Let’s put the election aside, understanding it definitely plays a factor in lower viewership opposite the debates, but it is certainly not the sole cause. The first main cause in my mind revolves around large market teams. The New York Giants and New York Jets are a combined 3-7 this year. Both have lost 3 straight games and are in last place in their respective divisions (the Jets are tied for last in the AFC East and the Giants are alone at the bottom of the NFC East). Although there are plenty of devoted fans of both the Giants and Jets who will always watch, regardless of their records, when big market teams suck, bandwagon fans jump off and casual fan ratings suffer. When a market like New York or Chicago (Bears are 1-4) has teams struggling to win, that hurts ratings for the entire NFL.

Then there is the 2,000 lb elephant in the room: the suspension of Tom Brady. Thanks to Goodell’s ridiculous decision, the league was without Brady for the first 4 weeks of the season, limiting the number of casual fans who tune in. During the first Sunday night game against the Arizona Cardinals, NBC did a 14.8 rating, which out of context is excellent, but a more than 10% drop over the 2015 Sunday Night opener (16.7). Guess what? Stars drive ratings. No Brady, lower ratings. Who’s fault is that? It’s the definition of self-inflicted.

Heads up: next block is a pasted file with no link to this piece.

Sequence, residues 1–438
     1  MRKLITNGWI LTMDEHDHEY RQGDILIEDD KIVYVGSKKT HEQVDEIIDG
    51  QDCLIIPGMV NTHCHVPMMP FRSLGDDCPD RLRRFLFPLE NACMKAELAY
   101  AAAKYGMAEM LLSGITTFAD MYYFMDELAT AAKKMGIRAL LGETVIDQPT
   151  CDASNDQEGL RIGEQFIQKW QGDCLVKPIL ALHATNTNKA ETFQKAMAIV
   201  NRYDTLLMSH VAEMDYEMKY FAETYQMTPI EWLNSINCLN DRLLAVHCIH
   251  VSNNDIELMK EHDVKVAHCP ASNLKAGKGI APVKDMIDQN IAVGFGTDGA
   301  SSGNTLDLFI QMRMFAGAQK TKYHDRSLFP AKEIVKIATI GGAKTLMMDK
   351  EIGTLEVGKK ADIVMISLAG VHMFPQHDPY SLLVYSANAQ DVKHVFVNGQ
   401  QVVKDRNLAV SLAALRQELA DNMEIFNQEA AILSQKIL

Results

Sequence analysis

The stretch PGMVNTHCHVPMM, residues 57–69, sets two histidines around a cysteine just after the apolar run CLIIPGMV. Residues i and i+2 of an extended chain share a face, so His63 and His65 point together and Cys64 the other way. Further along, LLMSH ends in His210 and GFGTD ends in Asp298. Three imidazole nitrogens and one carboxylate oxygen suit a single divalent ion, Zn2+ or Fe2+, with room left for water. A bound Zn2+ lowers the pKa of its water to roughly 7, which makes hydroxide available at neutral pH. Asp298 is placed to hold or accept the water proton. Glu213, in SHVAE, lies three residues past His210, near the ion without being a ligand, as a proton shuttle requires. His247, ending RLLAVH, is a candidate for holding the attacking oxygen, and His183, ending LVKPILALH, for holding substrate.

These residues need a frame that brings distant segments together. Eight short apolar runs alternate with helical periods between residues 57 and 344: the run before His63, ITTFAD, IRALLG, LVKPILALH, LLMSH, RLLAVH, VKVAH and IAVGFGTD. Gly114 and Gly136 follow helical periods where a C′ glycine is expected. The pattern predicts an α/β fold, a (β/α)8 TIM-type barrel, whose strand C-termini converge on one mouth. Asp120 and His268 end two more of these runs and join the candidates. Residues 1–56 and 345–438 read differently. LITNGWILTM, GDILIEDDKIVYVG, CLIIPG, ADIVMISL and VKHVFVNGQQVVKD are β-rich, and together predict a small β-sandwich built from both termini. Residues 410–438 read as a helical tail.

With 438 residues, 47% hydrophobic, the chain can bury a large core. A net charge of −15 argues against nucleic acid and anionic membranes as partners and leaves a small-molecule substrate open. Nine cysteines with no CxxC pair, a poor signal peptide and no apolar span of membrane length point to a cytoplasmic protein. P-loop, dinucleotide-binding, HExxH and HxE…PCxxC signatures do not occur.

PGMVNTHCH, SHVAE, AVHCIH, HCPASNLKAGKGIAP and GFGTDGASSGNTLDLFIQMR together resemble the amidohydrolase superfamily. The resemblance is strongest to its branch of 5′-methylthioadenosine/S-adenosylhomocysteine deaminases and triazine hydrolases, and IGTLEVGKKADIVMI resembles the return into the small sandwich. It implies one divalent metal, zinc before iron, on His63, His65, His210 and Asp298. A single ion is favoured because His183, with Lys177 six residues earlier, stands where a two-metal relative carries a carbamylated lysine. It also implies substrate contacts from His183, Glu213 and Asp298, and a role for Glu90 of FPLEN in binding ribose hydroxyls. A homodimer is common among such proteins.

Finally, it is still amazing to me that after domestic violence cases, child abuse cases, sexual assault cases, and every other crime/stupid move in the book tarnishing the NFL’s reputation, that ratings still remained strong and even grew last season. My newly developed theory? The NFL ratings drop is, at least partially, due to a delayed reaction to the NFL’s mishandling of dozens of player situations combined with the endless deflategate talk. I believe it has developed into ‘NFL fatigue’ that has grown to a point of driving the more peripheral viewers away from the game. Fans who like football, but aren’t seriously invested in a team (or fantasy football) are opting to spend their Sundays (and Thursdays and Mondays) watching or doing other things. They have reached a breaking point and are no longer going to go out of their way to watch football.

In a hailmary effort to turn the tides, the NFL issued a ban on team twitter accounts posting highlight videos during the time-frame when the live game is airing on TV. The NFL thinks that fans who are on twitter watching highlights are less likely to watch the game live and that is a cause of the decreased ratings. That doesn’t just waft of desperation, it’s a giant diaper filled with desperation.

Given all these factors, I wouldn’t be surprised to see a little rebound before the season is over, but I’m not convinced the damage hasn’t already been done. I’m not convinced casual fans drifting away from the NFL won’t just stay away for good, causing a deeper ratings crisis for Goodell.